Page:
Sep 2, 2019
In this episode, Rob Reinhardt and Gordon discuss some tips on creating products to diversify income for your private practice. Rob explains how his first product Describe cards, came to be. Describe is a deck of cards that supports over three dozen games for people of all ages. Then, Rob explains how he came up with the second deck and the activity board. Later, Rob gives tips on things you need think about before starting your product line and the two wrap up by talking about private practice websites and the occasional need to outsource.
Rob Reinhardt, LPCS, M.Ed., NCC has his own successful counseling practice and is CEO of Tame Your Practice. Known for his expertise in reviewing and recommending EHRs for therapists, Rob previously worked in Information Technology for over ten years and has lived around technology his entire life.
The words that Rob is regularly trying to get from is clients are adjectives. Emotions are adjectives. Rob started to tinker with cards that had adjectives on them; it’s easier to pull out words when they are on the cards. Rob asks his patients to pick out five cards that describe themselves and five cards that represent somebody else. Over the years, he has refined and developed into a deck of cards with over three dozen activities. Plus, he has launched a second deck and an activity board. Rob doesn’t want the only market Describe products to counselors and therapist, loads of other people buy the products too. For instance, teachers, families, and coaches are all fans of the products. However, will people outside of counseling and therapy be buying the activity board?
When Rob is at conferences promoting his describe cards, he wanted something interactive for the people attending. He made selfie boards, laminated adjectives, and had people come into the booth and take a selfie with the adjectives. It helped people be social and understand how the describe cards worked. People started asking him how much it costs to buy the boards; he didn’t see this coming. He probably would not have thought of this if people hadn’t asked him for it first.
Take time and prioritize, make sure the idea is viable before starting down the path. We only have so many hours in the day, figure out which ideas you are going to focus on to be successful. If Rob followed every idea, none of them would have been successful executions. Here are some helpful tips Rob follows when creating a product:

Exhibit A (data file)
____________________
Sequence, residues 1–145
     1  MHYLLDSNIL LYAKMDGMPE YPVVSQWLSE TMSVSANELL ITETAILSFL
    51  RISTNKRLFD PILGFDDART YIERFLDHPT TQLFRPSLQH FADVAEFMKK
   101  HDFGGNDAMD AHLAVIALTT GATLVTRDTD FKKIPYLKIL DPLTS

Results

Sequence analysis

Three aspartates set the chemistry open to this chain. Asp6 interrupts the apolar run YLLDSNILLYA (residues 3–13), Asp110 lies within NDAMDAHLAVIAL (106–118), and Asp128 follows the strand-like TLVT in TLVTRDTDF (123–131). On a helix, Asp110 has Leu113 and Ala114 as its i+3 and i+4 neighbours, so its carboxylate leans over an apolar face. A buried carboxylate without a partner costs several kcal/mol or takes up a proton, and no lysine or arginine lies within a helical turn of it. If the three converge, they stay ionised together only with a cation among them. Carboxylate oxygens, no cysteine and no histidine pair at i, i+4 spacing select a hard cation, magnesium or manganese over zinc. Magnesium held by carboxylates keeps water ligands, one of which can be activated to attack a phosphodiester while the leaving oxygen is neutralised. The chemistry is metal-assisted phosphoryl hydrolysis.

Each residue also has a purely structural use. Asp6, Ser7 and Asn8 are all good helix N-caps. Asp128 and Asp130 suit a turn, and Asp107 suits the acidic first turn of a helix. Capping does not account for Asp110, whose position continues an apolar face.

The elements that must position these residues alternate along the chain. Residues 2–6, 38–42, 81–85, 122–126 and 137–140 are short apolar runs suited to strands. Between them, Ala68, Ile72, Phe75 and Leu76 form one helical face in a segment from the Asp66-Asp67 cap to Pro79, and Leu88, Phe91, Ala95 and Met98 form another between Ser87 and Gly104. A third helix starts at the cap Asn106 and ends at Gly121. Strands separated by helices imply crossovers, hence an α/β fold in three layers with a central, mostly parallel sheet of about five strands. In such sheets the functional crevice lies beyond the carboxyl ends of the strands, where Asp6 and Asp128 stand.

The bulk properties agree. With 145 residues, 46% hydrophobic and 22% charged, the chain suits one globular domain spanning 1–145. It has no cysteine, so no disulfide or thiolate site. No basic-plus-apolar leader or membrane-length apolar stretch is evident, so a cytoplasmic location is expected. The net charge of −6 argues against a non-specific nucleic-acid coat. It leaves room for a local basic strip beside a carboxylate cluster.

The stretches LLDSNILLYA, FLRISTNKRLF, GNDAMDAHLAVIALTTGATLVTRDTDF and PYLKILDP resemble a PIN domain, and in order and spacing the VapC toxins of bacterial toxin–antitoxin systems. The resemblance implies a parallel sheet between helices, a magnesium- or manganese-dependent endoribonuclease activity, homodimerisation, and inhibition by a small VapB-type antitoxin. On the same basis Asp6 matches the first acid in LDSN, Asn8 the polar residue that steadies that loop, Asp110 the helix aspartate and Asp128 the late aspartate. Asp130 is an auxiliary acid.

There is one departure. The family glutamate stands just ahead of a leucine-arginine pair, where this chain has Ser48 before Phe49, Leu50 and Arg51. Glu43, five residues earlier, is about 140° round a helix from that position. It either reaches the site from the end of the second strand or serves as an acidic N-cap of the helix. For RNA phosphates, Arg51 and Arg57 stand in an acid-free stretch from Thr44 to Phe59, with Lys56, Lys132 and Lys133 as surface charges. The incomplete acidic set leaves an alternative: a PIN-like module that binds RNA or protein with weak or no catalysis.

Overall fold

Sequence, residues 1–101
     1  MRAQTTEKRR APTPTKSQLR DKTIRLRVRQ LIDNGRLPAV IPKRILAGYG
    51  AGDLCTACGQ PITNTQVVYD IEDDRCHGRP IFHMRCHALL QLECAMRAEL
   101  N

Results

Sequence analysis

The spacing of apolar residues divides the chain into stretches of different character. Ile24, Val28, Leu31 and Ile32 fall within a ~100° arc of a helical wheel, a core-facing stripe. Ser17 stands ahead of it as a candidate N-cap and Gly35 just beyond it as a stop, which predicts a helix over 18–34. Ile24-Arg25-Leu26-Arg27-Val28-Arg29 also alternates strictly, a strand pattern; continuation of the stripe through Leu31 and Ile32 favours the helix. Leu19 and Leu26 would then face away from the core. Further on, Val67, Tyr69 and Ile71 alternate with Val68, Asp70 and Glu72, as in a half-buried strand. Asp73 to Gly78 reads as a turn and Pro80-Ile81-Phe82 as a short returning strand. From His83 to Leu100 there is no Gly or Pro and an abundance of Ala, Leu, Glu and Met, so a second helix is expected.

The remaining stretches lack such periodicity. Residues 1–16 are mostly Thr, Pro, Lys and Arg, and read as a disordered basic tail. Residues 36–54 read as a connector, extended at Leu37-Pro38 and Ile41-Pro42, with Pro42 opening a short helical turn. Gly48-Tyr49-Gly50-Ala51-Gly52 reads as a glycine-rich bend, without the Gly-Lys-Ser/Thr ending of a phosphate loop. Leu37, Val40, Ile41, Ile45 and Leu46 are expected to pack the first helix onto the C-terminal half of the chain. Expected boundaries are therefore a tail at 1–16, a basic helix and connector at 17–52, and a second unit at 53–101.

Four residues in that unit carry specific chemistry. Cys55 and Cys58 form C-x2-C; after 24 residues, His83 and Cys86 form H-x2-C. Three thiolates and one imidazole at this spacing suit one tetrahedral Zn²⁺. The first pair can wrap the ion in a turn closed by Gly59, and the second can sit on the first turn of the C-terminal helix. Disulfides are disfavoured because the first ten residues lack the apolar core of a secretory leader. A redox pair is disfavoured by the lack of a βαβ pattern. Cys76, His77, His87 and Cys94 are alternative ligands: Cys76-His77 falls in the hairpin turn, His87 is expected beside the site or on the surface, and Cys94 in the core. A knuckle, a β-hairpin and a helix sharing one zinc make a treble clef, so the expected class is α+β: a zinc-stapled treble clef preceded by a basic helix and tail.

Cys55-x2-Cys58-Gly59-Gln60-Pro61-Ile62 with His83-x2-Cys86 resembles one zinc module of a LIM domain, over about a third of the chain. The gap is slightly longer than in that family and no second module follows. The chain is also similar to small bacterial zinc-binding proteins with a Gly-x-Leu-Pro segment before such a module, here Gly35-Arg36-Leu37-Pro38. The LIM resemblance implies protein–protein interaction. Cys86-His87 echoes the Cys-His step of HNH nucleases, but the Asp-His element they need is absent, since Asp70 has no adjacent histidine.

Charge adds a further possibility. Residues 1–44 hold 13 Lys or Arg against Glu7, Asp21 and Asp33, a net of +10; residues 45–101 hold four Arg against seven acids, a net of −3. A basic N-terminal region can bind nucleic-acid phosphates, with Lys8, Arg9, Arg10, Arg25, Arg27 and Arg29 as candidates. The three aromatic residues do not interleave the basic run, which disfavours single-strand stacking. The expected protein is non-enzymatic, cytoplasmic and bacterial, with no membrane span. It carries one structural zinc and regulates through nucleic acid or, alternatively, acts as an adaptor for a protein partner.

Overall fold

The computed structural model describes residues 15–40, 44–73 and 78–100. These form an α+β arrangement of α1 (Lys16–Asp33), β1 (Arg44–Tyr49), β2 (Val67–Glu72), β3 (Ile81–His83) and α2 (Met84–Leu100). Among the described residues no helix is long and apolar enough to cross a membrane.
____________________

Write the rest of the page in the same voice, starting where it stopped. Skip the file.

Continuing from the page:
1. Conceive – Come up with the idea, and what does it look like?
2. Assess – Talk to other people and ask how they see it. What are the needs associated with this product?
3. Evaluate – Can you do this? If you do research and you find out it’s $30 to produce, how much are people going to pay for the product?
4. Logistics – Now you need to create the product or service and maintain it.
Pricing will depend on what you are producing, what your market looks like, and what your goals are. A lot of people will create an eBook and give it away for free because they can use the eBook to draw in people, so they end up on your website. How many people will you end up gaining from it and does it pay for itself? If you are looking for a self-sustaining product and revenue-generating, then you have to look at it what it costs for you to produce and how much people will buy it for. Also, you need to consider if it will be worth your time and effort in the long run. If it only generates $20,000 a year, it may take up too much of your time to be worth it. Think of the long-term, is it a one and done thing, or will it continue to evolve?
Even though Rob’s website is not the product, he wants to appear to be a tech expert, so Rob knew he needed an excellent website. Plus, he needed a mobile-friendly and clean site. Pieces of it were outsourced. For instance, he is not a graphic designer, so he had the artwork done for him. The website itself was crafted by Rob using WordPress. Sit down and crunch the numbers, will it be cost-effective to hand off your website to someone else? Gordon changed servers recently, so he hired someone to do it for him. It was well worth the money that he spent. WordPress has so many moving parts, not knowing certain aspects will indicate you may need to outsource.
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Gordon is the person behind The Practice of Therapy Podcast & Blog. He is also President and Founder of Kingsport Counseling Associates, PLLC. He is a therapist, consultant, business mentor, trainer, and writer. PLEASE Subscribe to The Practice of Therapy Podcast on iTunes, Stitcher and Google Play. Follow us on Twitter @therapistlearn and Pinterest “Like” us on Facebook